13 December 2006
Business optimism increases despite Reserve Bank threats
Business confidence is continuing to rise despite threats by the Reserve Bank to increase interest rates early next year
and a fall in the terms of trade.
For the fifth successive quarter, the level of business optimism has increased in regard to how Auckland businesses view
both the economy’s overall performance and how they assess their own prospects in the period ahead.
A year ago, just 7% of Auckland businesses believed the general business situation would improve during the first six
months of this year. When asked the same question earlier this week, 23% of the more than 800 Auckland Chamber of
Commerce members who took part in the quarterly survey predicted the environment for doing business would improve during
the first six months of 2007.
Similarly, in respect of how businesses see their own business prospects over the next six months, 53% predict they will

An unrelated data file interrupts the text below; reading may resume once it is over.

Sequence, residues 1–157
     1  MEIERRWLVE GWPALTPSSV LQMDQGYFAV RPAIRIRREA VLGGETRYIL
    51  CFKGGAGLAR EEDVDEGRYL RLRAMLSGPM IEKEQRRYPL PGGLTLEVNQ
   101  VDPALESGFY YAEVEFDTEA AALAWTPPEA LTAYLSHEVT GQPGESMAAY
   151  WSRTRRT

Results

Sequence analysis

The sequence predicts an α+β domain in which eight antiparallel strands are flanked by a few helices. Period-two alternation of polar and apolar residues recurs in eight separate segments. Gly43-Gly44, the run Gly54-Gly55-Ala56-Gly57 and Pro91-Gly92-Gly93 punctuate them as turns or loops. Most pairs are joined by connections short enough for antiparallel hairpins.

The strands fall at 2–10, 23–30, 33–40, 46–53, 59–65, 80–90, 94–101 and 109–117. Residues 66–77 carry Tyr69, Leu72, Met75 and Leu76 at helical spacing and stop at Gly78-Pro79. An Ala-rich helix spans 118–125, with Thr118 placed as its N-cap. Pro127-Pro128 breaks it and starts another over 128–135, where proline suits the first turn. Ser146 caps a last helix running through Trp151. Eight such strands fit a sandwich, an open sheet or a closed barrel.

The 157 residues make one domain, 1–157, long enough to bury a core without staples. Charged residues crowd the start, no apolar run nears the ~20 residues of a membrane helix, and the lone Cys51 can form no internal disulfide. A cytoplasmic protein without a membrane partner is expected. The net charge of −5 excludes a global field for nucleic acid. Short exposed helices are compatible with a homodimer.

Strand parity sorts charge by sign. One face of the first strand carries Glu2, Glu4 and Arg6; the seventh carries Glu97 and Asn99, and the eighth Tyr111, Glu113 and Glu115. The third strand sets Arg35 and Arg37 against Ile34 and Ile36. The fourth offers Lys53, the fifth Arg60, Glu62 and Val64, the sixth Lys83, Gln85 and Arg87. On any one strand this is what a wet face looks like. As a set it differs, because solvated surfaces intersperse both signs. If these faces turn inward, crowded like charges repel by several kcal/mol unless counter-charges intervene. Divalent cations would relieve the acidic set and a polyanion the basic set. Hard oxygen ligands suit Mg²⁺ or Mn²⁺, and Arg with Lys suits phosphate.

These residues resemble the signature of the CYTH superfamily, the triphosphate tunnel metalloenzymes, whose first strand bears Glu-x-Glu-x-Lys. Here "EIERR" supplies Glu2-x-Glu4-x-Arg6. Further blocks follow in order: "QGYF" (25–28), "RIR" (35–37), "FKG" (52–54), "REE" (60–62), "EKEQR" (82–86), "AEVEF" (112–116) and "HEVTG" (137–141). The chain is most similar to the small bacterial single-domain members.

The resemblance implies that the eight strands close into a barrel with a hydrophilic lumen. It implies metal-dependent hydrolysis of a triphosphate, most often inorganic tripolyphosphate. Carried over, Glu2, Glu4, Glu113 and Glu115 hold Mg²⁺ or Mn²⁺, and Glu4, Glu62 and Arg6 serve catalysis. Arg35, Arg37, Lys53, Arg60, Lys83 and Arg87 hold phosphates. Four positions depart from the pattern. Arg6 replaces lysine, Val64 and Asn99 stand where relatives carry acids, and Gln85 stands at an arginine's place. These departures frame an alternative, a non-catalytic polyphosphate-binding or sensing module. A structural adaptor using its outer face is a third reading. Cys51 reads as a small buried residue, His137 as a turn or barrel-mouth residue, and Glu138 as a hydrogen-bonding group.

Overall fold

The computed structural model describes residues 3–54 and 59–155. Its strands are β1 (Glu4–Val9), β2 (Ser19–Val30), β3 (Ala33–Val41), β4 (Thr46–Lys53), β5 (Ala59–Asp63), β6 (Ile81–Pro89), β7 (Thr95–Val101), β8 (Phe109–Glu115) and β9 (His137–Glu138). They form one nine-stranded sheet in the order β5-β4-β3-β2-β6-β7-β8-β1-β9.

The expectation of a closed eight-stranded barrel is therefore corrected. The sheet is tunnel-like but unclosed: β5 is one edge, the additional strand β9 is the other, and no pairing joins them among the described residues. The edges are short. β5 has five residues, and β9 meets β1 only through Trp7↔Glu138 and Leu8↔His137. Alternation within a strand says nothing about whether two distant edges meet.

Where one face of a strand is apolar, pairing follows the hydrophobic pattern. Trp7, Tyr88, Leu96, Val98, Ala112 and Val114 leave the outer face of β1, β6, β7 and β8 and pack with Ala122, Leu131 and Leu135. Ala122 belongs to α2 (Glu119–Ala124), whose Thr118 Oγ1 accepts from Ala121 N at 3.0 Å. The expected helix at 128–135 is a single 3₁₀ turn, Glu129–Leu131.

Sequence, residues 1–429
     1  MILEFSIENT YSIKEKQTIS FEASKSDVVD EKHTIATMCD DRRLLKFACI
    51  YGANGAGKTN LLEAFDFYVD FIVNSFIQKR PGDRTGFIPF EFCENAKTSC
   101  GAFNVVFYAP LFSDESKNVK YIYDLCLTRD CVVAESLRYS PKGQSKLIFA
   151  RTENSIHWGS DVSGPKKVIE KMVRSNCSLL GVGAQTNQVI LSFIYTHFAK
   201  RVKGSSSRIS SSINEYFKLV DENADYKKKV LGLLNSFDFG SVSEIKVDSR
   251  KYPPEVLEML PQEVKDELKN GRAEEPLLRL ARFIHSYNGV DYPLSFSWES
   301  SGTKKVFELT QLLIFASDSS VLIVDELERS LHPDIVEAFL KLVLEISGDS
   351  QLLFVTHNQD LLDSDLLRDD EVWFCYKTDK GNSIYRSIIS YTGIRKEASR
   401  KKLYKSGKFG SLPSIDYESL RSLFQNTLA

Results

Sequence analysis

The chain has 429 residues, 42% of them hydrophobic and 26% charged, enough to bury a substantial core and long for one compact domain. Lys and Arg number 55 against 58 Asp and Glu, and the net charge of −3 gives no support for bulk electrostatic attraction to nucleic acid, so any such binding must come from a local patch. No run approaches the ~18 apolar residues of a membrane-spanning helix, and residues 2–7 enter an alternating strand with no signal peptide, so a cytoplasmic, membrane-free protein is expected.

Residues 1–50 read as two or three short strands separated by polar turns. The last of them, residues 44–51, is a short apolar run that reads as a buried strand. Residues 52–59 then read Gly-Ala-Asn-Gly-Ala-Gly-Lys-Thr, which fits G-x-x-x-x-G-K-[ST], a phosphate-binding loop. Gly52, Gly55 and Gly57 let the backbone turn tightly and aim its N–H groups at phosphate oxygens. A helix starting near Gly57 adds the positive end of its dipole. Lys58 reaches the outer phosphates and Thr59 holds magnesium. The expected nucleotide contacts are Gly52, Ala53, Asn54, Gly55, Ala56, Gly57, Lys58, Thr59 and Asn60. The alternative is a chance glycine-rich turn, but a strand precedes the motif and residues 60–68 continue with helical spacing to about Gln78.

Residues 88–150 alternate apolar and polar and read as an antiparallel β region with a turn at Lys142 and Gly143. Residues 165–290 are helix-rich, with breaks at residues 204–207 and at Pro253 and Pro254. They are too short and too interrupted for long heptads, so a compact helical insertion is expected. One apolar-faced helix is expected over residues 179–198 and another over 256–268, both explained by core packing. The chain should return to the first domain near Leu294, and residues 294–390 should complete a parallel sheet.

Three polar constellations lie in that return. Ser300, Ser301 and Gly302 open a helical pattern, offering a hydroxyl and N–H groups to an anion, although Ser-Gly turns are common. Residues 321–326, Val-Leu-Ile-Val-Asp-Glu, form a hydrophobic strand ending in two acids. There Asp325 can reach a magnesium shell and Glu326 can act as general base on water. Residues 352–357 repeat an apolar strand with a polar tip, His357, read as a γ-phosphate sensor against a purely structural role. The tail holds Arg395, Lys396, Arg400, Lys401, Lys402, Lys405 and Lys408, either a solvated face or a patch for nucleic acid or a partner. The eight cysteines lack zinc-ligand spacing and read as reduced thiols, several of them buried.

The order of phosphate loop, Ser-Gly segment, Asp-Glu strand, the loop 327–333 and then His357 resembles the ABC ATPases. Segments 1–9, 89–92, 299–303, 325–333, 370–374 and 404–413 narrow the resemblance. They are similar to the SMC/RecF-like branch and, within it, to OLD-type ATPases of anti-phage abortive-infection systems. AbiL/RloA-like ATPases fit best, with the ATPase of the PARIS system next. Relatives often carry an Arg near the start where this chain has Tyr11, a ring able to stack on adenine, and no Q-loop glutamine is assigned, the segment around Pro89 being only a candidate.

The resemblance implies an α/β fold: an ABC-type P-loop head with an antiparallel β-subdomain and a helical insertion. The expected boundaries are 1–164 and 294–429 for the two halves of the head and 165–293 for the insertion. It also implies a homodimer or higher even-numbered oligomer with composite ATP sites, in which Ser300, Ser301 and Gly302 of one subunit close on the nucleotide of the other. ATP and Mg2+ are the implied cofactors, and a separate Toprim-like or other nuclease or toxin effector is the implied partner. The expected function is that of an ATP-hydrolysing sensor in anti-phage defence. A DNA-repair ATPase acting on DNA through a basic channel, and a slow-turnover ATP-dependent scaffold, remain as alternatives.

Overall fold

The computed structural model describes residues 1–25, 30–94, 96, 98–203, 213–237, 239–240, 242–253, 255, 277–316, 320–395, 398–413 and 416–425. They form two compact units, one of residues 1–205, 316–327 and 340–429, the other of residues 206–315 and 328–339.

improve compared with just 35% of this view last December.
“Widely reported claims by economic commentators last year predicting a fall in business optimism through 2006 have
turned out to be 100% wrong,” said Auckland Chamber of Commerce chief executive Michael Barnett. “In fact, the exact
opposite trend has occurred as business confidence has steadily improved throughout the year.”
In December last year nearly 60% of businesses were predicting the business environment to deteriorate in 2006. But in
every survey since, the level of pessimism has dropped with just 18% now picking that the business environment will get
worse next year.
Despite recent warnings from the Reserve Bank that interest rates may be forced to rise next year, 37% of respondents
believe they will increase compared to 43% of this view at the last survey in September. Similarly, a recent fall in New
Zealand’s terms of trade has been ignored by business in assessing their prospects in the period ahead.
Mr Barnett suggests that part of the explanation for the improved optimism could relate to a growing belief that the
Government is serious in wanting to encourage business to improve productivity and address basic infrastructure issues
such as transport and energy.